Also consider that your husband wasn’t joining you and was grouchy on family outings because he was already in an affair.
Also consider that you were seeking comfort in your children (not a healthy dynamic) because you weren’t getting your emotional needs met either.
2. I didn’t set (or enforce) boundaries with my parents.
They were at our house frequently, sometimes arriving unannounced and walking right in. They’d “help out” around the house doing things we never asked them to, like folding our laundry (incorrectly, of course). We’d vacation with them. They’d correct our children in front of us. My own fears of upsetting my parents kept me from drawing a line in the sand and asking them not to cross it. The few times I did stand up for my family’s autonomy, I didn’t hold my parents to the same standards in future. My husband, quite literally, married my entire family.
You didn’t make him cheat and your parents didn’t either. In many cultures your last sentence would make no sense whatsoever. You DO marry entire families. We are generally package deals with our extended families, unless you married an orphan.
Boundaries with families are good, and this is certainly fodder for marriage counseling, but desiring family togetherness isn’t a sin. You can have a marriage AND family vacations.
How could you imagine fixing this? Jettison the family and kids and make your husband your sole focus? Sure, your relationship should be primary, but you also wrote he didn’t make time for you. Do you fault yourself for not chasing harder?
3. I emasculated him.
I thought love was about honesty, but we all know that the truth hurts. As we grew more comfortable (read: lazy) in our relationship, I stopped trying to take the sting out it. I talked smack to my girlfriends, my mom, my co-workers. All. The. Time. “Can you believe he didn’t do this?” and “Why in God’s name did he do THAT?”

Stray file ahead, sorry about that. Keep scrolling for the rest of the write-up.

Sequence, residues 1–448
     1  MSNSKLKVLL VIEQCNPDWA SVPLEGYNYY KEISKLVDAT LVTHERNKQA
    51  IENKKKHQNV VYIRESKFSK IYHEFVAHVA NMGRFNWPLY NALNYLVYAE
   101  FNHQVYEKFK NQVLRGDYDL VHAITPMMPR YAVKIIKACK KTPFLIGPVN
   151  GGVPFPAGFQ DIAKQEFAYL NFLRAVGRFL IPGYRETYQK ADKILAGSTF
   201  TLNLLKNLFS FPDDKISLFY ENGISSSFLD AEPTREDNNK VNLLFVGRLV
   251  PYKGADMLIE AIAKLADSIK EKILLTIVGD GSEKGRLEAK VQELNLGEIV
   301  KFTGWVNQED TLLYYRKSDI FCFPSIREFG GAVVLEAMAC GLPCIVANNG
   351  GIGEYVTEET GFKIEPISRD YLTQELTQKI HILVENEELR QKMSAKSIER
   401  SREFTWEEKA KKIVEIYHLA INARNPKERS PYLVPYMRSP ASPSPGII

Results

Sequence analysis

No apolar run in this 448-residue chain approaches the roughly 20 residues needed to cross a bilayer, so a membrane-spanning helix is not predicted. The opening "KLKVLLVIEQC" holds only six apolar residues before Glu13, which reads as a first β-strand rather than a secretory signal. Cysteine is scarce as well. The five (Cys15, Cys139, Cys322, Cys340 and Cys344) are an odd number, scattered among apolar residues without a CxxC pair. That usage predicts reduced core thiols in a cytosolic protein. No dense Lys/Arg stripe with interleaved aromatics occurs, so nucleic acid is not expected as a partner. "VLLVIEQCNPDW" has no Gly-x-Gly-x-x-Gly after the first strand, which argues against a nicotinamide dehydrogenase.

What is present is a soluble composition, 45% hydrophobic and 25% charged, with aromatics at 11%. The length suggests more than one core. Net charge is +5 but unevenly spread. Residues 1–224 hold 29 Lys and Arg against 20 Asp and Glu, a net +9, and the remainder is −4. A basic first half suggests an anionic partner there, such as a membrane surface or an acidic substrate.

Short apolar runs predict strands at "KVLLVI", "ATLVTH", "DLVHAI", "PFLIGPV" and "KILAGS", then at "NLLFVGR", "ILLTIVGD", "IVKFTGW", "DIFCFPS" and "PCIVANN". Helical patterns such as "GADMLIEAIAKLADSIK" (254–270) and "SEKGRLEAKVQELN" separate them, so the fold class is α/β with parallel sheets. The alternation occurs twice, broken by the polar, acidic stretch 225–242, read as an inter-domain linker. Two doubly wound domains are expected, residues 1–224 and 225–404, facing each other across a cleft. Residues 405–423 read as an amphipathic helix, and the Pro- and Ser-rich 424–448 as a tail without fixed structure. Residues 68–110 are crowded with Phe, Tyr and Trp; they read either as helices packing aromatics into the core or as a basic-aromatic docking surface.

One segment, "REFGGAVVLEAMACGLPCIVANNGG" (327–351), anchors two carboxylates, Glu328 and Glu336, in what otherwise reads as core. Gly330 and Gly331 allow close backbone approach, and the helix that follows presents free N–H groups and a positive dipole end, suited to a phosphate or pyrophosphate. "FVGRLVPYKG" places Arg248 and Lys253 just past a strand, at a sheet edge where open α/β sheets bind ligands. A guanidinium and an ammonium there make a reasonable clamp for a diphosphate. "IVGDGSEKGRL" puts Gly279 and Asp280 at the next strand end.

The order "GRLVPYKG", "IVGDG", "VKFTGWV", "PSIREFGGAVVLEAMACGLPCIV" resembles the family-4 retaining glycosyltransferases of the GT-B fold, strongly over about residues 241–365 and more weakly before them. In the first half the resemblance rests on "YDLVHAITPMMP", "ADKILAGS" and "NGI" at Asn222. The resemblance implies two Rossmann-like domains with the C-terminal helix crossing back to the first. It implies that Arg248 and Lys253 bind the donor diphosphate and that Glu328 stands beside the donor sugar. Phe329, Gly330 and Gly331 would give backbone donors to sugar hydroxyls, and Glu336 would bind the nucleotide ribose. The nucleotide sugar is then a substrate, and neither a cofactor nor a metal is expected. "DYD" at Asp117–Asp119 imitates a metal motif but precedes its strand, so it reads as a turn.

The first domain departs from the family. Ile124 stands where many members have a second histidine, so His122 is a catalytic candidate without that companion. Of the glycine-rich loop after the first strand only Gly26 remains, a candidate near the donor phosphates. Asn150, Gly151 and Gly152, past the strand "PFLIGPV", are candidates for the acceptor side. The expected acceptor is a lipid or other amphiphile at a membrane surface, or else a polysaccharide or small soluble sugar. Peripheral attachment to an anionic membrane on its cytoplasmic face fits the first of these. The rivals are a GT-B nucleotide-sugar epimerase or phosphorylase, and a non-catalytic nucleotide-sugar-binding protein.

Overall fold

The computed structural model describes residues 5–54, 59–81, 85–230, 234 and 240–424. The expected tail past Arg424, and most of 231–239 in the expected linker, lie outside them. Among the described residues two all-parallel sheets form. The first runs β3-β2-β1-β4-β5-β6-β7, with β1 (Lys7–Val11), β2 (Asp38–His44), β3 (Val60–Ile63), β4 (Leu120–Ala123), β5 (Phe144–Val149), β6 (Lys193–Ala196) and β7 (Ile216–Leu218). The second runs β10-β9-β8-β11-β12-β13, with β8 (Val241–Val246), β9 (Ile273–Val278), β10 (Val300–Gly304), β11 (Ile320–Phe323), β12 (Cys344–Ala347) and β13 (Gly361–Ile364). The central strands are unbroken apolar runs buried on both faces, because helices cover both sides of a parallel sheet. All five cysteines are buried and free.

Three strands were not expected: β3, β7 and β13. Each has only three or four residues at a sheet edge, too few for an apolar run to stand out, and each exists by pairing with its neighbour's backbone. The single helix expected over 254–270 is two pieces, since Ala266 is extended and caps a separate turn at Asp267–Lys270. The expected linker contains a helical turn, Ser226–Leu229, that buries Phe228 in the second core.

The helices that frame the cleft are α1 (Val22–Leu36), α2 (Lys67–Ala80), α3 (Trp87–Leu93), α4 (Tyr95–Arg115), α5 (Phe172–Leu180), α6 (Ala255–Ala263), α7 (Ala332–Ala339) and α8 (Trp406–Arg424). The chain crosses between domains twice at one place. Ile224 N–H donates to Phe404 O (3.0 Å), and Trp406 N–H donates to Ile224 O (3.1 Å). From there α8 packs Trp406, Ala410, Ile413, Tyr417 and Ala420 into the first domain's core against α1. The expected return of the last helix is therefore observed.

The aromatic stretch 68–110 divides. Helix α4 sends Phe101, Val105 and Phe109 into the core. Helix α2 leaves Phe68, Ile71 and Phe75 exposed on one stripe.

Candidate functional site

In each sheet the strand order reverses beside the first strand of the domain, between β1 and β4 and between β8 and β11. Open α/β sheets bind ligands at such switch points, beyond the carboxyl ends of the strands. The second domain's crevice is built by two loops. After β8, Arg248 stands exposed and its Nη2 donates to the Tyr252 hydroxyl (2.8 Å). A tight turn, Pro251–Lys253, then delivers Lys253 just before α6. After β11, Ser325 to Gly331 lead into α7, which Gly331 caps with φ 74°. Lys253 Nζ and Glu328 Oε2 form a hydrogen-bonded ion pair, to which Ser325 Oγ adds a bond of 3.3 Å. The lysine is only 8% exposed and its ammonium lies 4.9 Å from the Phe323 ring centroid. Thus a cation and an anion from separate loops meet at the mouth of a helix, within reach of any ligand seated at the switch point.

Instead of building up his ego, I trampled all over it. I belittled him often, saying his job was unimportant and dismissing his friends as “hangers-on.” I berated him for doing things wrong when, in all honesty, he just wasn’t doing them my way. At times I spoke to him like a child. I controlled the family finances and grilled him over every single penny he spent. And in the bedroom — yup, you guessed it — he was doing that all wrong too, and I wasn’t shy about telling him so. As our marriage crumbled, I found myself constantly looking for faults and mistakes so that I could justify my superiority. By the end, I had zero respect for him and I made sure he knew it and felt it every day.
Well, I admit this makes you sound like a righteous bitch, but seriously Sloane, “emasculate“? Is this some kind of right-wing stand by your marriage shit? Did his balls shrivel up because you controlled the family finances?
This all sounds very muddled to me. If you were verbally abusive — yes, you suck. But again, that doesn’t give him carte blanche to then abuse you with infidelity. The whole dynamic sounds toxic.
We only control ourselves, Sloane. You don’t like being a verbally abusive person? Fix that. Realize what your values are, what’s a deal breaker in a relationship, and realize you don’t control other people. Get out honestly before you feel the need to belittle and nag.
4. I didn’t bother to learn to fight the right way.
I know it sounds odd to suggest there is a right way to fight. But there is. I tended to keep the peace in our house by keeping my mouth shut when things were really bothering me. As you can imagine, all the small things that drove me crazy grew into a giant suppressed ball of anger that would erupt occasionally in a huge, really frightening fit of Hulk-like rage. And by rage, I mean rage in the clinical, mental-health definition kind of way. After the fact, I’d justify my anger by saying that a woman can only take so much. Looking back, I was one scary b*tch during those episodes.
It takes two to fight the right way. When your boundaries are violated, yes, SPEAK UP. But often we don’t speak up, because we know from painful experience that when we voice an objection, we will not be heard. Our concerns will be rejected and ignored.
So we co-dependently snark and nag. Or it builds up and we explode.
All of that tells me that your husband was sending you a very clear message for years — that he did not Give a Shit. And you refused to receive that message, and instead you nagged and raged at it.
I write this mea culpa not with the hopes of winning my ex back, or even wanting his forgiveness. I write this because I can’t believe how long I kept my head buried in the sand. I hope other women out there will yank theirs out and take a good look around. And while I’m still hurt that my husband chose to solve our problems in another woman’s bed when some conversation and counseling might have helped, I absolutely know that my behavior was part of what pushed him there.
You didn’t push him there. He was already there. You were just chumped. Welcome to the club.